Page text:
- Wield their fireteams as their weapons by directing and controlling their fire, picking out and assigning key targets, and maneuvering the fireteams across the battlefield. A squad leader who is giving good, timely orders, maneuvering his fireteams through combat and directing their fire, does far more damage to the enemy than one who is preoccupied with his own rifle. A squad leader avoids becoming personally engaged in firefights when possible, instead focusing on designating targets, maintaining awareness of the tactical situation, communicating with higher, maneuvering the teams, directing and controlling their fires, and coordinating the handling of any casualties that occur. The squad leader may use his rifle's tracers to direct fire, or M203 smoke or flare rounds to designate targets or screen movement, but he generally spends more time commanding than he does shooting. This has the additional benefit of making him less likely to draw the attention of the enemy, and helps to prevent 'tunnel vision' from taking effect.
- Know how to consolidate and reorganize teams when casualties occur. This includes using group management features in an expedient fashion, as well as consolidating communication channels when required.
- Keep his squad tied-in with other friendly squads when moving in a platoon formation. The SL must stay aware of how close his squad is to other squads, to ensure that dangerous gaps do not develop in the overall formation. The tighter and more broken the terrain, the more important this becomes.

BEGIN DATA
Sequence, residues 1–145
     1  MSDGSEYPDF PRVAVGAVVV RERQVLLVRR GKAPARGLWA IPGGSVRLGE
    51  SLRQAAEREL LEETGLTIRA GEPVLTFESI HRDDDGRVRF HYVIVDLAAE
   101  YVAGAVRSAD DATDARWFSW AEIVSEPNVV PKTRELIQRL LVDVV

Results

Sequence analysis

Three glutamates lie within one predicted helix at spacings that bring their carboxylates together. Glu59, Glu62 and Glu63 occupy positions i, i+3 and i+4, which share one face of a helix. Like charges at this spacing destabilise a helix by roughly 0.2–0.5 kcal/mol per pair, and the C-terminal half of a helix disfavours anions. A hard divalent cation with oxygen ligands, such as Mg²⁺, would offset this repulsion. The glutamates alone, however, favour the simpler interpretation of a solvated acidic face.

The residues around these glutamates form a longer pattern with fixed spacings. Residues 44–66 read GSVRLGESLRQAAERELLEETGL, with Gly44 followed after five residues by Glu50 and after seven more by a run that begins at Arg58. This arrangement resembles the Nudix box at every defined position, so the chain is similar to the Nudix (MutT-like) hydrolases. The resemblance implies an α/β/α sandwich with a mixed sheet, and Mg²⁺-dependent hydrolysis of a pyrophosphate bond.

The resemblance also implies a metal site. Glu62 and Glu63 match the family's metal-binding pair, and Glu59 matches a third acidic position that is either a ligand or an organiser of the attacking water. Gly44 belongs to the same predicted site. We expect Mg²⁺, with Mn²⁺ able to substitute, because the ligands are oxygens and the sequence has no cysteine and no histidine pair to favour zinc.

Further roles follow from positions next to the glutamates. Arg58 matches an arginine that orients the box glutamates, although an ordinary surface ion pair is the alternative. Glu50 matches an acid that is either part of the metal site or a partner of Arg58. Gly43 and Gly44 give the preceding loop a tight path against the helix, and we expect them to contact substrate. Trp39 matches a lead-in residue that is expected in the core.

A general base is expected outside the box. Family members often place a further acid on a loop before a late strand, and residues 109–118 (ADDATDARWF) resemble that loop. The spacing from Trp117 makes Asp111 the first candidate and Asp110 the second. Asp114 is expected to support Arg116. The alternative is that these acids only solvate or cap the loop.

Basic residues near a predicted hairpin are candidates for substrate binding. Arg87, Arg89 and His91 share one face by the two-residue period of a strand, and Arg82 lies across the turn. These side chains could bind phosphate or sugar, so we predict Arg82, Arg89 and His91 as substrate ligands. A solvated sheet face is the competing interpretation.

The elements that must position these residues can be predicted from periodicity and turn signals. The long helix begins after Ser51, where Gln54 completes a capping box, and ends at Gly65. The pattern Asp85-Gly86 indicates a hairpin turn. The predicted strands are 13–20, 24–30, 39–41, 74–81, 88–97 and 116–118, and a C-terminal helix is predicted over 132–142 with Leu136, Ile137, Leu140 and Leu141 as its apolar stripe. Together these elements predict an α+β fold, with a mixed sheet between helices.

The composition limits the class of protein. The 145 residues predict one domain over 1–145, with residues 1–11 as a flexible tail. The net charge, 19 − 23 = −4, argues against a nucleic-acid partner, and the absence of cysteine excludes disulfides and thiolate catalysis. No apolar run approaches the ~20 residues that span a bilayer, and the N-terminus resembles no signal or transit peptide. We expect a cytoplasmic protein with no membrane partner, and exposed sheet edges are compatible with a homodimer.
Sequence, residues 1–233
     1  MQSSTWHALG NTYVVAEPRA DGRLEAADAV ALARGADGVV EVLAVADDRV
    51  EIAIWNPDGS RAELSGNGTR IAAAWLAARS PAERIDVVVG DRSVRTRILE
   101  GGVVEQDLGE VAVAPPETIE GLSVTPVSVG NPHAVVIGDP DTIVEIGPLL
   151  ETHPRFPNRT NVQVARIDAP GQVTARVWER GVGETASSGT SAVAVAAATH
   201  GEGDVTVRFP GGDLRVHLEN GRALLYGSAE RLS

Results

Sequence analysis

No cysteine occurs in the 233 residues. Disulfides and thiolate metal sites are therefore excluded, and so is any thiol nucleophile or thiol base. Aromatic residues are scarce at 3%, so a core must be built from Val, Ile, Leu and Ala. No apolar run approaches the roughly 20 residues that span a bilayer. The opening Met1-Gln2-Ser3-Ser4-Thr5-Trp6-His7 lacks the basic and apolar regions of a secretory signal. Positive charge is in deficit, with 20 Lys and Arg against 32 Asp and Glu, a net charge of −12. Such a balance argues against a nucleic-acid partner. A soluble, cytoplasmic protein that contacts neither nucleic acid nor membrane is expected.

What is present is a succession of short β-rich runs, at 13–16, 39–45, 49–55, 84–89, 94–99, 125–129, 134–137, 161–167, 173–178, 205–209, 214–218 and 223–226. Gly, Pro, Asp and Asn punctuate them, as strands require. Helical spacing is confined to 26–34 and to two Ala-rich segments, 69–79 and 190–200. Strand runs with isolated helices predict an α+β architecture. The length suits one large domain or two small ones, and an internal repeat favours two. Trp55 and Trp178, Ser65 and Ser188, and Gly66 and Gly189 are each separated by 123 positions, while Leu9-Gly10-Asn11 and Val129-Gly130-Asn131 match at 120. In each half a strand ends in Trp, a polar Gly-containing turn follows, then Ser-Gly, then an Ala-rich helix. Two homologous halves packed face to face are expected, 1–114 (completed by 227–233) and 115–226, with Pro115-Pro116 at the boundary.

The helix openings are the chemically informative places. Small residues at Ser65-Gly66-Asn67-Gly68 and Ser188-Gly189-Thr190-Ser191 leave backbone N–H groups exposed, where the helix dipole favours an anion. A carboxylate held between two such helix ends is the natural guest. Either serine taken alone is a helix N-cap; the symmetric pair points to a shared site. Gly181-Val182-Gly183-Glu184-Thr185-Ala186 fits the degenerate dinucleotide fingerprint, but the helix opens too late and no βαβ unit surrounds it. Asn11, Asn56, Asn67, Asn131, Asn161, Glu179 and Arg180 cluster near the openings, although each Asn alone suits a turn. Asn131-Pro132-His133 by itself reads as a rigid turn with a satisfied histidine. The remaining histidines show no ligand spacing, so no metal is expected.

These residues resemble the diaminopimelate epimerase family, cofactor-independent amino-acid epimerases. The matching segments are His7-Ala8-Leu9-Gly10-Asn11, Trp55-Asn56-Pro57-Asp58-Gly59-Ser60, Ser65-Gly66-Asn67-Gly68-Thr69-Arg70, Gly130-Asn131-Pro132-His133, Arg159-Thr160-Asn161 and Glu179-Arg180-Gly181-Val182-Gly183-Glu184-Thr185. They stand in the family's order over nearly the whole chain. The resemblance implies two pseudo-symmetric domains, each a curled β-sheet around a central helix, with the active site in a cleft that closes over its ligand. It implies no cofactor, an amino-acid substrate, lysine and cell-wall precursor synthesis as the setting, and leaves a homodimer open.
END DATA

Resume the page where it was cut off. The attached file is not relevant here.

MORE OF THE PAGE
Squad Medic / Corpsman
When so many rounds are flying around, someone's bound to get hit sooner or later. Unfortunately, this 'someone' is occasionally a fellow squad member. When it happens, the squad medic is the man to turn to. The squad medic is critically important - they are the key to maintaining the combat effectiveness of the squad when heavy contact has been made.
Medic tending to an incapacitated teammate
- Are concerned first and foremost with the welfare of their squad members. While a medic carries a rifle, it is nowhere near as powerful as the skill he brings as a healer. Medics leave the fighting to the infantry, instead focusing on patching up the wounded and getting them back into the fight. Medics should only fire their weapon in self-defense, or in the defense of the wounded.
- Stay a bit back off of the front line. This gives the medic a view of the bulk of the squad disposition and helps to prevent tunnel vision. By staying off of the front line, the medic is able to maneuver to different fireteams more easily in response to people being wounded, without drawing the same kind of fire as a frontline player.
- Look out for their Squad Leader and provide rear and flank security when not acting in a medical capacity. The squad leader often is preoccupied with commanding his fireteams, leaving him less time to watch his back and flanks. The medic fills this gap whenever not actively helping out wounded players.
- Are comfortable with using smoke to provide concealment for the wounded. Medics carry a number of smoke grenades that are intended to be used to conceal wounded players so that someone else can rush out and drag them to safety. Knowing where and when to throw these smoke grenades is a key skill for a medic to develop. He must be conscious of masking the wounded person from enemy observation, while at the same time not compromising the visibility of friendly elements.